It's an etching, about 4" by 6," printed at the Open Studio in Toronto, Ontario. The uniform blue was applied with a technique called chine collé, in which a layer of tissue-thin tinted paper is laid down between the etching plate and the support paper.

Thursday, April 16, 2015

Monday, April 13, 2015

Anna in a striped dress

A quick photo of a painting in progress. The dress will be in colour, and the big rectangle will too - it will be a hanging carpet of some sort. The pineapple like object will probably become a bust - but we'll see.

Saturday, April 11, 2015

Thursday, April 9, 2015

Venice - the gondolas on the Riva degli Schiavoni

It was a cool November evening when I sat down on the embankment to make this picture.

I was in a hurry. The shapes were quickly sketched in with a black crayon, and then rounded out with watercolour. Although I started with lines - as I almost always do - the picture quickly became about mass and pattern. The final touches were added in gouache; you can see its opaque layers where the blue covers of the gondolas are visible above the dock.

In the background, San Giorgio Maggiore was a box of shadows, except for its brilliant marble facade, which here merges with the air.

Saturday, March 28, 2015

strange encounter

Drawn from life at a Keyhole Session in Toronto, using a copic brush pen, a china marker, and several other pens. This drawing took about 45 minutes, which obviously wasn't enough.

There is nothing quite so difficult to draw as the intersection of multiple human bodies.

Tuesday, March 17, 2015

Plan B

"I've always rejected being understood. To be understood is to prostitute oneself." So said Fernando Pessoa, one of the 20th century's most awkward writers. Also one of the most easily quoted.

He used a thousand different voices to say one thing, and that thing is about human loneliness. Many would prefer to be a prostitute than to be alone.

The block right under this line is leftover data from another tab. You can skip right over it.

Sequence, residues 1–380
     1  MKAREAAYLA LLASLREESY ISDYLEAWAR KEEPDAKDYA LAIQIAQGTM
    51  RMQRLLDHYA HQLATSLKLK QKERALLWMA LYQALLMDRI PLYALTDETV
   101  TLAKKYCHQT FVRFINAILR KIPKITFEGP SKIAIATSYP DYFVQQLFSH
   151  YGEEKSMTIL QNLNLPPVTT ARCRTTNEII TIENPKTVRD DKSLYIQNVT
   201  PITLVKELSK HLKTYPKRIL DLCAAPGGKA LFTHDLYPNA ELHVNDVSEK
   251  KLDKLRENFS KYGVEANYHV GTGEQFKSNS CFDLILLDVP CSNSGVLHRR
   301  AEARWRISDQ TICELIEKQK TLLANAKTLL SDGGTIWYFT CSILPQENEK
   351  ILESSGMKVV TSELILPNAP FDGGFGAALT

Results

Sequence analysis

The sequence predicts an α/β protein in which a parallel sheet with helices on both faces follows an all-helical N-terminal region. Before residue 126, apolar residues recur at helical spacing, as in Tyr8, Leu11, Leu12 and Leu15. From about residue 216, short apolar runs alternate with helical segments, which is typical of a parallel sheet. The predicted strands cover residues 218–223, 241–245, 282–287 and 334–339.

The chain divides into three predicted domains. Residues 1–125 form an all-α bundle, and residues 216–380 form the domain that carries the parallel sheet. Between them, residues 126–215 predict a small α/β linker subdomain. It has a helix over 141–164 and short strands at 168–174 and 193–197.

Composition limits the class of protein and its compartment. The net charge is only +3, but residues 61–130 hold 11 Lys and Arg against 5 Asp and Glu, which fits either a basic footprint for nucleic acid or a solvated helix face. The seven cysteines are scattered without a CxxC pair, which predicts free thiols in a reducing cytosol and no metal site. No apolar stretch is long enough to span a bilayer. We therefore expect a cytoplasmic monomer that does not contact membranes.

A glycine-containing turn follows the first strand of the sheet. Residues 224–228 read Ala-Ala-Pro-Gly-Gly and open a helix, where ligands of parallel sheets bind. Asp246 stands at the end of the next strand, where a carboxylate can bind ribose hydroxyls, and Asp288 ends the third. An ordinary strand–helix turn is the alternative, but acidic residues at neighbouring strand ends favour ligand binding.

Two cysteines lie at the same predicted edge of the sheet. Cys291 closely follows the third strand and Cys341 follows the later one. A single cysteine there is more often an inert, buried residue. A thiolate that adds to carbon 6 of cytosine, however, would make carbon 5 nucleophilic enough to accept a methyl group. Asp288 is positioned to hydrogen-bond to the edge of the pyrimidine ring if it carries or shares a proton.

He said it in The Book of Disquiet, chapter 128. He goes on "I've always rejected being understood. To be understood is to prostitute oneself. I prefer to be taken seriously for what I'm not, remaining humanly unknown, with naturalness and all due respect. Nothing would bother me more than if they found me strange at the office. I like to revel in the irony that they don't find me at all strange. I like the hair shirt of being regarded by them as their equal."

Thursday, March 12, 2015

Wednesday, March 11, 2015

The Chandos off Trafalgar Square

Tarragon wrote me to say:

“I took a short holiday and went to the National Gallery to see Inventing Impressionism. It was a good show, except one has to like Renoir's portraits to think so. I really like Renoir. He's an acquired taste I reckon, but presents such a lovely parallel universe I find hard to resist. So I don't try.

Except I wasn't planing to see the show at all, it was news to me. I simply stopped in on my way to the the Sargent show at the Portrait Gallery. It was not the greatest Sargent show that you could imagine. But some truly lovely pieces. It is a bit heart wrenching how good he is. So it was a pleasure. 

In between I had lunch at Chandos, off Trafalgar Square, from whence I drew the attached. Such a lovely pub in the middle of the afternoon.”

Tuesday, March 3, 2015

The shadow over the lane

Walking back along the sandy track from the old Tudor manor, I was struck by the deep shadows and the gables of the house at the corner. Beyond the trees, the farmer's field was full of horses, but I didn't put them in the drawing.

Saturday, February 28, 2015